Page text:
Industry Trends

Perspectives on Legality of Closed Medicaid Formularies

March 19, 2020

As part of long-awaited guidance that CMS issued to states on Jan. 30 outlining how they can test-drive a fixed federal Medicaid budget and more program flexibilities, the Trump administration invited states to try out something else that hasn’t been done before: implement a closed drug formulary for a portion of their Medicaid population, AIS Health reported.

As part of long-awaited guidance that CMS issued to states on Jan. 30 outlining how they can test-drive a fixed federal Medicaid budget and more program flexibilities, the Trump administration invited states to try out something else that hasn’t been done before: implement a closed drug formulary for a portion of their Medicaid population, AIS Health reported.

“For the first time, participating states will have more negotiating power to manage drug costs by adopting a formulary similar to those provided in the commercial market, with special protections for individuals with HIV and behavioral health conditions,” CMS said in its press release unveiling the Healthy Adult Opportunity demonstration, which states can apply for via a Section 1115 Medicaid waiver.

Currently, states’ Medicaid programs must cover all FDA-approved drugs, as mandated by federal law. But CMS is suggesting that states can waive that requirement for the population they choose to cover under their demonstration — likely people who are covered by Medicaid expansion — and still participate in the Medicaid Drug Rebate Program.

But some industry experts tell AIS Health they’re not sure whether that will be legally permissible.

“I have my doubts as to whether this will bear legal scrutiny because it goes against the entire Medicaid Drug Rebate Program, which is rebates in exchange for open formularies,” says Jeff Myers, the former CEO of Medicaid Health Plans of America and founder of health care consulting firm OptDis.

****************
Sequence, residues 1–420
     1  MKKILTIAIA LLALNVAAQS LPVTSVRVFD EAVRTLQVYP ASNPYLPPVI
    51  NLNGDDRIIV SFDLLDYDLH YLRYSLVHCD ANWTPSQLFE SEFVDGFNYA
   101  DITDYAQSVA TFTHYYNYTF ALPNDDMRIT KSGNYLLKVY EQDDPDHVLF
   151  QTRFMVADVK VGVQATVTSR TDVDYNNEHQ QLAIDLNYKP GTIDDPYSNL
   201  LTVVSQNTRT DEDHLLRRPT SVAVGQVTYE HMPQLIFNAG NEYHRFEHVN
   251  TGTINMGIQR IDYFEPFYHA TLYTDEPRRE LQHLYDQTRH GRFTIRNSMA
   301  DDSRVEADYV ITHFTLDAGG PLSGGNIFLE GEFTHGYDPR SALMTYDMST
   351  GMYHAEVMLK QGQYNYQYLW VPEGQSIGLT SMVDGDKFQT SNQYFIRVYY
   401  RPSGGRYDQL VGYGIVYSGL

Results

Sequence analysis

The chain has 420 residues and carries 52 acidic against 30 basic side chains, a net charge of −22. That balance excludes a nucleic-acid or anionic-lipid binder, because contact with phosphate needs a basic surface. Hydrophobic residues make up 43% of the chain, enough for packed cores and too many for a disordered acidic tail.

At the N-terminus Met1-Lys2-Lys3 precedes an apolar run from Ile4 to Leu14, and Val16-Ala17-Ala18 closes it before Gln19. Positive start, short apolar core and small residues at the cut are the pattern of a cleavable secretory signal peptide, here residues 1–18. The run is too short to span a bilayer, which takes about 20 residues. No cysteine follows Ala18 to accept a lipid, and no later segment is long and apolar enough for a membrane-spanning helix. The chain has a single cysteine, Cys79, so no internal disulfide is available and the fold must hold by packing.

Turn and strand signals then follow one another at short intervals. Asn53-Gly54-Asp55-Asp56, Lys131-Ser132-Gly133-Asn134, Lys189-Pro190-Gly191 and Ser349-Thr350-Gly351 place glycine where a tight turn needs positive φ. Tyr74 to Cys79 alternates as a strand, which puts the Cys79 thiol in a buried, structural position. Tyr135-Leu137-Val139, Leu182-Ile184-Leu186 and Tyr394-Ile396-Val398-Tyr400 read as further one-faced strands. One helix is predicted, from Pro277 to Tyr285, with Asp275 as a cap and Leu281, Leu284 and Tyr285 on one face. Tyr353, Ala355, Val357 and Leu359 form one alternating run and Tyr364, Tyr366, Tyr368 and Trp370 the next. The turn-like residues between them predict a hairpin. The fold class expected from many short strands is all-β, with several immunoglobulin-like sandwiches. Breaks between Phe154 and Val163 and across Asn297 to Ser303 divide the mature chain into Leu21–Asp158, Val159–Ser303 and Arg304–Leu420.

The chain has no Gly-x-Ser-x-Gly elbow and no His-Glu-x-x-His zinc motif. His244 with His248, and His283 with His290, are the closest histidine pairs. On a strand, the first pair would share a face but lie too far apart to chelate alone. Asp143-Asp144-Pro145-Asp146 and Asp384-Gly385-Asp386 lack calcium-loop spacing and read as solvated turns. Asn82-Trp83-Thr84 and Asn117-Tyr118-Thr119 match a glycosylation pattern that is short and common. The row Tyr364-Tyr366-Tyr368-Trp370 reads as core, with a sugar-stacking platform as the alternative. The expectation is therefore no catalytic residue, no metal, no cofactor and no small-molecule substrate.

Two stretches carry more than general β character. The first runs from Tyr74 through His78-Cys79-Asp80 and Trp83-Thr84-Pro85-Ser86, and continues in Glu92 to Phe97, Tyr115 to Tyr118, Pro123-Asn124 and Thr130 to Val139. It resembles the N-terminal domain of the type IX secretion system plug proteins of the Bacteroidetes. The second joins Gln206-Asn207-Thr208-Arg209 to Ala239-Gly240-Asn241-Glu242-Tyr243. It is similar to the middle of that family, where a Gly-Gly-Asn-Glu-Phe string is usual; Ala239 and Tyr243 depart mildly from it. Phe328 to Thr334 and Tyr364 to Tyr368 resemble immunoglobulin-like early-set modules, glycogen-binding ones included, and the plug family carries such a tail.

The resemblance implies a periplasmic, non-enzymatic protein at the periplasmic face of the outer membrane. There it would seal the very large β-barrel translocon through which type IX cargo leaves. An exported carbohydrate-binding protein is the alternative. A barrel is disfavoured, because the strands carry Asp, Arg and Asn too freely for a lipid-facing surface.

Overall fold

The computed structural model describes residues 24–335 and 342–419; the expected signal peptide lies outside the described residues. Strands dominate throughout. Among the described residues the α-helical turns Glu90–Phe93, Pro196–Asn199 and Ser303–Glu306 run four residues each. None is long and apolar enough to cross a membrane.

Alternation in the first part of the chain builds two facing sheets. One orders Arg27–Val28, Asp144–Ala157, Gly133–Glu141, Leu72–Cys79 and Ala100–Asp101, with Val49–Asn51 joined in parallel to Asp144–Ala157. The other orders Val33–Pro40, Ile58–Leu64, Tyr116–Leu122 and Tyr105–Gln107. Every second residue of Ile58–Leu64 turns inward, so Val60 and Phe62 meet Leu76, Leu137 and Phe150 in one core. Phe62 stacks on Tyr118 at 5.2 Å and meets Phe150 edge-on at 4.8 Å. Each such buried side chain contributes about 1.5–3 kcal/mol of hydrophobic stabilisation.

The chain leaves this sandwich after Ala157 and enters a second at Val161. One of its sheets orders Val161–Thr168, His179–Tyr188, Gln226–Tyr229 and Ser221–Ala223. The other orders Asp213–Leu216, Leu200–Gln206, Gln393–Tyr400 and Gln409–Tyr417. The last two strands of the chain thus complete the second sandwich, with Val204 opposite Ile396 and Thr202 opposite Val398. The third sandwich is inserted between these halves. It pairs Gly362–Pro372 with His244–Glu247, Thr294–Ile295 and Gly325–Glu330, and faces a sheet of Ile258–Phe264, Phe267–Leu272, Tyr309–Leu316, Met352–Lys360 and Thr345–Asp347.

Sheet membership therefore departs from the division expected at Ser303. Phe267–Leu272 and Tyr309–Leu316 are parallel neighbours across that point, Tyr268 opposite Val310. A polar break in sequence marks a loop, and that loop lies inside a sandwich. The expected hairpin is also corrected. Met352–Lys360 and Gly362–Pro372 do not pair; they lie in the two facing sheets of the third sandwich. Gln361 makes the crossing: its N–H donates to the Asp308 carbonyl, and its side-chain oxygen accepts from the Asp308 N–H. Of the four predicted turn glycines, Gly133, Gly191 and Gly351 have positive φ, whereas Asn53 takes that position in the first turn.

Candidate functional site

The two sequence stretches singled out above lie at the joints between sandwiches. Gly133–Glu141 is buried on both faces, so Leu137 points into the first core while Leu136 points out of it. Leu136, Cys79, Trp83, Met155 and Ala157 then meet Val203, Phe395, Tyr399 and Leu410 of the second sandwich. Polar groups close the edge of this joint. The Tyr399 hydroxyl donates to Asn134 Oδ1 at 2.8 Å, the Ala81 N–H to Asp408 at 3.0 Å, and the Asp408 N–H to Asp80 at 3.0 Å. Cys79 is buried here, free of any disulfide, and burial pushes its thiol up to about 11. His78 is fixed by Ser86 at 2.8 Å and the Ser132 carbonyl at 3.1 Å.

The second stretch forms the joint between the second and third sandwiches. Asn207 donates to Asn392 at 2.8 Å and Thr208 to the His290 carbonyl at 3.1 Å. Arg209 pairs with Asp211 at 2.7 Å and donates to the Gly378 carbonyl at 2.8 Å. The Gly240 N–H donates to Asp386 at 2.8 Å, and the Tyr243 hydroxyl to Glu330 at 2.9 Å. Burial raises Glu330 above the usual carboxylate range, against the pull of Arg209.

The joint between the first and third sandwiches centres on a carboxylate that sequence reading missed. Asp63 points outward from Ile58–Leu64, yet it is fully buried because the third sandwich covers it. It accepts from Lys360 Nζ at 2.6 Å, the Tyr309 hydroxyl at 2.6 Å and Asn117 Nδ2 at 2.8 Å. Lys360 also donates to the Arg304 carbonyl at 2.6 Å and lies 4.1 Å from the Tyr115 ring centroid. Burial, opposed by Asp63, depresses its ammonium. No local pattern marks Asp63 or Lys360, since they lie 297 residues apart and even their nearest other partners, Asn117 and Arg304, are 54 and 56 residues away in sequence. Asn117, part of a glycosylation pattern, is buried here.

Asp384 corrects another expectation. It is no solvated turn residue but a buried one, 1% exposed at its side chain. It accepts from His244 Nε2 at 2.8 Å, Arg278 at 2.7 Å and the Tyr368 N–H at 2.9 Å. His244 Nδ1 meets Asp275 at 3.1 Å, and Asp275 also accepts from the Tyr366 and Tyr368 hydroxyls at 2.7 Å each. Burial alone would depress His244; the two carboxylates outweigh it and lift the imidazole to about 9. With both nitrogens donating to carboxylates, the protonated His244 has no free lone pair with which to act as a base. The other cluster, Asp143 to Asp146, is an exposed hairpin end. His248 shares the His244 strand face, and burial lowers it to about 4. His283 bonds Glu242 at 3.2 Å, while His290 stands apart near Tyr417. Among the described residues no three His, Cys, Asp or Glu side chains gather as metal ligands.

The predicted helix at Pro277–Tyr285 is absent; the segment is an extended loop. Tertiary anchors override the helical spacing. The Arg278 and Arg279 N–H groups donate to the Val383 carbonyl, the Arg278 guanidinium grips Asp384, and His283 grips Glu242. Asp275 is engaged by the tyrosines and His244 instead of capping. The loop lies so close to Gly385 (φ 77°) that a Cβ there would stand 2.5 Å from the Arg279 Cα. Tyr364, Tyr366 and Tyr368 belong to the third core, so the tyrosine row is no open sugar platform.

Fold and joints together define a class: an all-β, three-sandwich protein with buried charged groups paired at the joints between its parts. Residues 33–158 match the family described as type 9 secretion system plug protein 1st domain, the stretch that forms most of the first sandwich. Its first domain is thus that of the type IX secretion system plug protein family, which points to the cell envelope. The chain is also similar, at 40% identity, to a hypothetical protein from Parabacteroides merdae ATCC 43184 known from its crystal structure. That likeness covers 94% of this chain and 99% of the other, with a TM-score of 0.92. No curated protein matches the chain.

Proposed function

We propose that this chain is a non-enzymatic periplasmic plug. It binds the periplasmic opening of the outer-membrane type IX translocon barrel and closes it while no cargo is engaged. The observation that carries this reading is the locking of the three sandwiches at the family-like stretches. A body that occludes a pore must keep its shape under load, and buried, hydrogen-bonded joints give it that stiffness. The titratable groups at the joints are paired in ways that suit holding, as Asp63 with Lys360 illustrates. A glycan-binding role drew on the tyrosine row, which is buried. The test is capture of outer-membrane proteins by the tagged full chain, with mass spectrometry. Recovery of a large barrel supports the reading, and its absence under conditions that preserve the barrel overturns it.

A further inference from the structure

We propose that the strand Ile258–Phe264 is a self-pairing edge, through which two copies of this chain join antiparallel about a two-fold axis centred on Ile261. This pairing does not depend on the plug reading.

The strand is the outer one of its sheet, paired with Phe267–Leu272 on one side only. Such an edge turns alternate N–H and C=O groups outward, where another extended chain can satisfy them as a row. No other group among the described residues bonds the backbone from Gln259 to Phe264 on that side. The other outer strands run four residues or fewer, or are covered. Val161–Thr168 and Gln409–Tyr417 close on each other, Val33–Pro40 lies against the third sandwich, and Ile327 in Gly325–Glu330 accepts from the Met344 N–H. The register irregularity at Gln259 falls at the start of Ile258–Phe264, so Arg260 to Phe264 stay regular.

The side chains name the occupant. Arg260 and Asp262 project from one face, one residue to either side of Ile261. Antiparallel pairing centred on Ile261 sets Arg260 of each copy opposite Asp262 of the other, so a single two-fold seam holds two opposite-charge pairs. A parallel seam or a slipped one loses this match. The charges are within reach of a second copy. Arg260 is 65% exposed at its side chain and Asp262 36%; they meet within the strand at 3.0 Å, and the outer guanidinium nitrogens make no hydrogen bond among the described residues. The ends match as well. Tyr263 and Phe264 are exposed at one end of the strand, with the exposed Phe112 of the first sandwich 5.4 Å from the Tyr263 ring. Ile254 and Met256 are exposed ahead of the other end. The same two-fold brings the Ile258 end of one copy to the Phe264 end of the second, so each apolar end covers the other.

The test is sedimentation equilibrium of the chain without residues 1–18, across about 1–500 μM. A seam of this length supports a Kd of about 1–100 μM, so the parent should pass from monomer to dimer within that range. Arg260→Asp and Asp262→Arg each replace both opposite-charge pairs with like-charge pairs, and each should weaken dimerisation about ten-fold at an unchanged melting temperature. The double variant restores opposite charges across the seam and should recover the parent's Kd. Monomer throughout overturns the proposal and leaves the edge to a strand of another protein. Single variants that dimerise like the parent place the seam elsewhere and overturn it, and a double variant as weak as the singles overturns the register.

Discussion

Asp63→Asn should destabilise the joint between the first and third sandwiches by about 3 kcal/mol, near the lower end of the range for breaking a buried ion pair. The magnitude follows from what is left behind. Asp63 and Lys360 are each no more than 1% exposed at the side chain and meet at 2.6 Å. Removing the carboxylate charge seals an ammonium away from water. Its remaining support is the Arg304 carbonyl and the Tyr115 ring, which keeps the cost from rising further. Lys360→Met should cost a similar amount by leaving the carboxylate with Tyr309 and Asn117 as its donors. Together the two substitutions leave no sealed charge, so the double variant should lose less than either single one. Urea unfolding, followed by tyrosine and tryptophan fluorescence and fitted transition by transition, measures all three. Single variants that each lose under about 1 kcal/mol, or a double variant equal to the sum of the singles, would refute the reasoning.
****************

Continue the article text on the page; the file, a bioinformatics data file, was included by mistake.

Indeed, “the legal side is obviously the giant question with the whole Healthy Adult Opportunity program,” Jason Karcher, an actuary with Milliman, Inc., tells AIS Health. “We just don’t know how the courts will ultimately see this, although I think it would be fair to be skeptical that we’ll actually get to see a waiver under this [guidance] make it in the near future.”

Trends That Matter for Diabetes Drug Costs

March 12, 2020

With the cost of diabetes drugs still growing, PBMs and payers are looking for more innovative strategies to hold down costs, AIS Health reported. For some, that might include a strategy similar to the one recently unveiled by CVS Health Corp.’s Caremark unit. The plan, called RxZERO, offers a slimmer formulary for the diabetes drug class, but with no out-of-pocket costs for members.

With the cost of diabetes drugs still growing, PBMs and payers are looking for more innovative strategies to hold down costs, AIS Health reported. For some, that might include a strategy similar to the one recently unveiled by CVS Health Corp.’s Caremark unit. The plan, called RxZERO, offers a slimmer formulary for the diabetes drug class, but with no out-of-pocket costs for members.